After raising concerns about high article publishing charges (APCs) last June, all editors at Elsevier’s NeuroImage and NeuroImage: Reports have resigned. The editors will publish their own journal, Imaging Neuroscience, with MIT Press and plan to dramatically decrease the cost of APCs and waive costs for low- and middle-income countries. In response, an Elsevier spokesperson stated that the publisher’s APCs are “competitively below the market average relative to quality” and will continue to provide support to authors who have already submitted to NeuroImage. In other news, Inara Scott, associate dean for teaching and learning in the College of Business at Oregon State University, raised concerns over the AI “crisis” after observing apathy among professors and an increase in AI-written coursework. In particular, Scott called for professors to create “AI-free zones” and for higher education to prioritize “critical thinking, ethics, empathy, human dynamics and problem-solving.”

A Bookish Round-Up: International Booker Prize Shortlist and a Look at Book Bans

The International Booker Prize shortlist was released this week, featuring the oldest person to be nominated and two submissions translated from languages new to the prize—original Catalan and Bulgarian. The winner will be announced in late May. Next up, Library Journal’s Steve Zalusky examined the current state of book bans, finding an increase in government intervention, defunding, and criminal charges against librarians. Zalusky also analyzed the impact of anti-censorship efforts on library boards and their long-term effects on libraries. In addition, Library Journal’s Bob Warburton commented on Illinois’ HB 2789, which aims to prevent Illinois libraries from banning books. Already passed in the Illinois House, the bill moves to the Senate and proposes removing state financial grants for libraries who fail to comply. Finally, the American Library Association (ALA) named April 24th as “Right to Read Day” and encouraged readers to attend board meetings and check out books that have been frequently targeted by anti-censorship groups.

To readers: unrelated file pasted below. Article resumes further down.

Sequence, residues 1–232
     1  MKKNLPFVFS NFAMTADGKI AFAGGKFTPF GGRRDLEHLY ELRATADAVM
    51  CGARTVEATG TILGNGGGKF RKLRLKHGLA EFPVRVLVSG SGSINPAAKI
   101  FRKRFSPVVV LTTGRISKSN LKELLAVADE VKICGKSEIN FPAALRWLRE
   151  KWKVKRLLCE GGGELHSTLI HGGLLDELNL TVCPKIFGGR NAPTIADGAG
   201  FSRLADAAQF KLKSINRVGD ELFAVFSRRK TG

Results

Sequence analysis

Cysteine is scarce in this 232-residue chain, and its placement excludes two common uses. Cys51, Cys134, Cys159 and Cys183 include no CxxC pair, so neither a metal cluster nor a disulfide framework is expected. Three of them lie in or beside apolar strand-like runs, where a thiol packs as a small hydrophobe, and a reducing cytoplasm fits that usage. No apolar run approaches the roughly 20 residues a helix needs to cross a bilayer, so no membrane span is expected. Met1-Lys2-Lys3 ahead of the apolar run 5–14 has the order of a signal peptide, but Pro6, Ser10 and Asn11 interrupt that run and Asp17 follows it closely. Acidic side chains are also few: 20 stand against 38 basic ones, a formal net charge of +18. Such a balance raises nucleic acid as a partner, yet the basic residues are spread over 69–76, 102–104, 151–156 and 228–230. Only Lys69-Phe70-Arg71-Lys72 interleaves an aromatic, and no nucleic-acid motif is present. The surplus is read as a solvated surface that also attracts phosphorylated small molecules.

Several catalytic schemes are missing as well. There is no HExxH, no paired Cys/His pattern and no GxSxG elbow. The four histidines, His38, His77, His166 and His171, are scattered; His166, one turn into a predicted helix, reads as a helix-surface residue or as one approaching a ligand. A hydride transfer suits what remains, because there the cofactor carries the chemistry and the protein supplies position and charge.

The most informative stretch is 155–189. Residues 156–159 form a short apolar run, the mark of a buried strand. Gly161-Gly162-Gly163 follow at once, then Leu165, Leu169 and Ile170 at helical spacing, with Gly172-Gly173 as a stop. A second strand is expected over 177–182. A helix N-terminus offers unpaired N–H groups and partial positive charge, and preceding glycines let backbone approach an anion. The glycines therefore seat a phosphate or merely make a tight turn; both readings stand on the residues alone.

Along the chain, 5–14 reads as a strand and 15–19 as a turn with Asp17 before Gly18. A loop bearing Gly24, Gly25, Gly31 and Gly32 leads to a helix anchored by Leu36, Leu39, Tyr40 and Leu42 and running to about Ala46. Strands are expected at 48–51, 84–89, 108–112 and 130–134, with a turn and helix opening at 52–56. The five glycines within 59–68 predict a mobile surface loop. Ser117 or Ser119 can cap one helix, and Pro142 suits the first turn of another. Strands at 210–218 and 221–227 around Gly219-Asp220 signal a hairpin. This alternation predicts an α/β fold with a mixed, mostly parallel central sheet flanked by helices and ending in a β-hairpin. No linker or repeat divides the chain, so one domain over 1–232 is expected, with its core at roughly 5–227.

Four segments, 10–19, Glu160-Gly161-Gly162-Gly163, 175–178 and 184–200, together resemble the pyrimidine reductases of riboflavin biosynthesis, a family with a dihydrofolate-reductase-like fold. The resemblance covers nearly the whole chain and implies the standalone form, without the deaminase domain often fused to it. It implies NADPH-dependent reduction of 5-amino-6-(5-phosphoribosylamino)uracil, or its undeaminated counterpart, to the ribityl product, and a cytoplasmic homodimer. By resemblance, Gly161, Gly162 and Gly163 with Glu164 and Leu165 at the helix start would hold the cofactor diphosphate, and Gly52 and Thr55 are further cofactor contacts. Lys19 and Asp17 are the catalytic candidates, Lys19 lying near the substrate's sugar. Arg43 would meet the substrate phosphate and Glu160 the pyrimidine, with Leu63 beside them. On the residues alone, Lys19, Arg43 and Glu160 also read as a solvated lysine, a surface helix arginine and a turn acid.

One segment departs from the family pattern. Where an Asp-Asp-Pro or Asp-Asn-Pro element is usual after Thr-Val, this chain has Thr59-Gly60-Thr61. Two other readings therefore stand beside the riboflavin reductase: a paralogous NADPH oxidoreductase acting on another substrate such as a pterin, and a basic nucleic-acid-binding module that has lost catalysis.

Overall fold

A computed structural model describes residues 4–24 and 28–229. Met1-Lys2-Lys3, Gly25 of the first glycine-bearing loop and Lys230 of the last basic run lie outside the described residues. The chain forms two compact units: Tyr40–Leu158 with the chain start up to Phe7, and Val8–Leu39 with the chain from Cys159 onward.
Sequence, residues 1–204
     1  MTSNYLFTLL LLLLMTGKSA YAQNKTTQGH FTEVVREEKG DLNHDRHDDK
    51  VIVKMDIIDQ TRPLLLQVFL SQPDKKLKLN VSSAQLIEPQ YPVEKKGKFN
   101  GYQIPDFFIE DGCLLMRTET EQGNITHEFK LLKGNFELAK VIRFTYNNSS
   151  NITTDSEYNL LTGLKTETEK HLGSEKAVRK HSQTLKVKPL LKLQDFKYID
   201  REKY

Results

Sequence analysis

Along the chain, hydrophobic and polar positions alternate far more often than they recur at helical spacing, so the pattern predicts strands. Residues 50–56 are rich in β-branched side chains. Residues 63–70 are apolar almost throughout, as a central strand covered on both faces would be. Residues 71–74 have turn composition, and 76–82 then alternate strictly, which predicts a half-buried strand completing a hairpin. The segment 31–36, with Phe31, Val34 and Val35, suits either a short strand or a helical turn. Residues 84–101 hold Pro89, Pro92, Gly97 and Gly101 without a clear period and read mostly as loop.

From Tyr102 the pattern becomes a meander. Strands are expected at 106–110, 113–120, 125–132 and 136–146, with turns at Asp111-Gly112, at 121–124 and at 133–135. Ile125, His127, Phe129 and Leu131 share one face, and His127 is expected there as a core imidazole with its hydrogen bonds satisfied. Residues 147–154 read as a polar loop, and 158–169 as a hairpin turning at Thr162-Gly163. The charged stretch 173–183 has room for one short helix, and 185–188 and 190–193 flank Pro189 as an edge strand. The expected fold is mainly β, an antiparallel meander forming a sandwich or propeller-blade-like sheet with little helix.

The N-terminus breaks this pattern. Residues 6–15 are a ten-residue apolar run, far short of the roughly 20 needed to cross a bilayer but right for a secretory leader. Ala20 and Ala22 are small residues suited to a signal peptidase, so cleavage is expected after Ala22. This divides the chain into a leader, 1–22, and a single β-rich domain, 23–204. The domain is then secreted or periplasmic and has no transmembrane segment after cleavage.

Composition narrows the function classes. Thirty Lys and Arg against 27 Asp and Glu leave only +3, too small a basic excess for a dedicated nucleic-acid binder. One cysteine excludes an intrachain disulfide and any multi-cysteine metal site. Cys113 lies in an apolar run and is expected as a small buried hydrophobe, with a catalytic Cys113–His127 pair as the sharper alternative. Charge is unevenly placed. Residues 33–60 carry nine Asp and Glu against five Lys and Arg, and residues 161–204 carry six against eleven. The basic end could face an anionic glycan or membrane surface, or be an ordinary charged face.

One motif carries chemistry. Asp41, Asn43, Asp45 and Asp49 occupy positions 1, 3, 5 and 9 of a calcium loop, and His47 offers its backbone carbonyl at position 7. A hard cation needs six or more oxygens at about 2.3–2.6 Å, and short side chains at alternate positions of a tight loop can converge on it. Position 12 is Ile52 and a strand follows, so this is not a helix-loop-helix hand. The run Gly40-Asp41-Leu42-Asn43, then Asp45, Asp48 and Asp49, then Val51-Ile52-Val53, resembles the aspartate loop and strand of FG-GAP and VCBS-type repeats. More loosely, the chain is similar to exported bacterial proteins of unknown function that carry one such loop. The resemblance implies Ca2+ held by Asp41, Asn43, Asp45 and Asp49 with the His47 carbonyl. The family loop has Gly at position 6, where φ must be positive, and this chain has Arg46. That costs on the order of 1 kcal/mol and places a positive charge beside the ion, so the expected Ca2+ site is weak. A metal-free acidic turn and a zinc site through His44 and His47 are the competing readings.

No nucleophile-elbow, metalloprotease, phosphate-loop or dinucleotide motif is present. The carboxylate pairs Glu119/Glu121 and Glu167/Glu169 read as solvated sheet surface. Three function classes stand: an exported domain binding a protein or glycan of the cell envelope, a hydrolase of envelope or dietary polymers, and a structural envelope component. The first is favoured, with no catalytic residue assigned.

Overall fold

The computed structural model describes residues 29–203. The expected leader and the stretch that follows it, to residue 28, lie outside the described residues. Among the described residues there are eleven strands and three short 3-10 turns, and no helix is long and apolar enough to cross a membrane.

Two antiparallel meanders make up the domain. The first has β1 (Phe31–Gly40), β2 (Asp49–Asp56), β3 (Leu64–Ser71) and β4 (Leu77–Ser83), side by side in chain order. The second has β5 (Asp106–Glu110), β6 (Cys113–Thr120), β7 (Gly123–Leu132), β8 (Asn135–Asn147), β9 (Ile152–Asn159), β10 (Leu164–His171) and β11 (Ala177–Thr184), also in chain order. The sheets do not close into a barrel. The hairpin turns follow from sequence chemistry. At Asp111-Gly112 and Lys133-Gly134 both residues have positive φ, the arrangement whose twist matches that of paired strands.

The Evolution of AUPresses and Pushing Boundaries in the Publishing Industry

This week, Annette Windhorn, External Communication Manager for the Association of University Presses (AUPresses), sat down with Peter Berkery to discuss the association’s progress in commemoration of Berkery’s 10-year tenure as Executive Director. Specifically, Berkery touted the importance of being at the forefront of open access, developing new policies and partnerships to address dips in sales, and the resiliency and empathy of university presses during the pandemic. As Berkery explained, “what’s different from my perspective is that members of this community claim these new priorities not just for themselves, but for each other.” Next up, Scholarly Kitchen’s Haseeb Irfanullah highlighted how publishers have crossed previously strict lines in the industry. Irfanullah underscored how peer review has diversified in recent years, further noting the impact of preprints and a broader view of how to measure journal impact. Irfanullah also mentioned how publishers pushed boundaries by commenting on the Russia-Ukraine war and developing DEIA and sustainability initiatives and policies.